God gives the people water from a rock again. This time is different because it changed something in Moses that time. Ouch in more ways than one.
I don’t want you to think I forgot about the first thing that happens in our reading today. I didn’t miss the personal loss Moses and Aaron suffered. There have been so many deaths since turning back from the brink of victory. Miriam, Moses and Aaron’s sister is the latest one for us. I don’t know if the second part of our story takes place in the same timeframe as Miriam’s death or not. I don’t know for sure if the events are even in the same place. What I do know is that Moses and Aaron felt the absence of their sister. I know this because they were human. We also saw Miriam interacting with them not long ago. Moses even pleaded with God for her return to health when she opposed him.
I’m wondering if Moses is still grieving when our next story takes place. Is he short tempered with the people because of his grief? God said his actions were done out of unbelief. I HAVE to believe that God knew his heart. I want to know what brought on his doubt. I’m getting ahead of myself. Let’s back up and look at the story.
The people were grumbling and complaining AGAIN!!! There wasn’t enough water for them where they were at. Instead of simply asking Moses to ask God for another miracle they began singing their favorite song: “Why are you trying to kill us out here? Why didn’t you leave us alone in Egypt? We hate this place! There’s nothing good here.” They threw in a little addition of their cattle dying too to spice it up a bit.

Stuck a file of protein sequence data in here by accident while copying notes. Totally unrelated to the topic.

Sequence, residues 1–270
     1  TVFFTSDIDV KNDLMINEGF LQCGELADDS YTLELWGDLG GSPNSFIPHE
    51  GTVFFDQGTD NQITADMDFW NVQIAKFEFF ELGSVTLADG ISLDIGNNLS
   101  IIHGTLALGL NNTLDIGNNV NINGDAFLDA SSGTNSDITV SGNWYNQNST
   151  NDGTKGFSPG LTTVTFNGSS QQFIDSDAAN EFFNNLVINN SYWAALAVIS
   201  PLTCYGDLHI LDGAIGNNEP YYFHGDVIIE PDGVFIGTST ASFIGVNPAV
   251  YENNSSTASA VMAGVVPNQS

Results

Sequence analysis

Something that grabbed my attention about this “verse in their song” though is when they call themselves “The assembly of the Lord” (verse 4b). If they really believed themselves to be the “assembly of the Lord” why were they so reluctant to go where He told them to? Why were they fighting Him tooth and nail all the way? Why were they not resting in the confidence that since they were the Lord’s He would take care of them? Did they truly believe that they were the Lord’s or were they paying lip service to Moses?
Moses and Aaron took their concerns quite seriously and KNEW that they could do nothing to remedy their situation. They took the concerns of “the assembly of the Lord” to the Lord. They were His people and only He could meet their needs.
One nice thing about taking their concerns to God at the entrance of the tent of meeting is that the people couldn’t trample them there. The people were kept away while Moses and Aaron met with the Lord. God didn’t leave them waiting for an answer. He knew their needs before they even began asking. And He had a plan already worked out.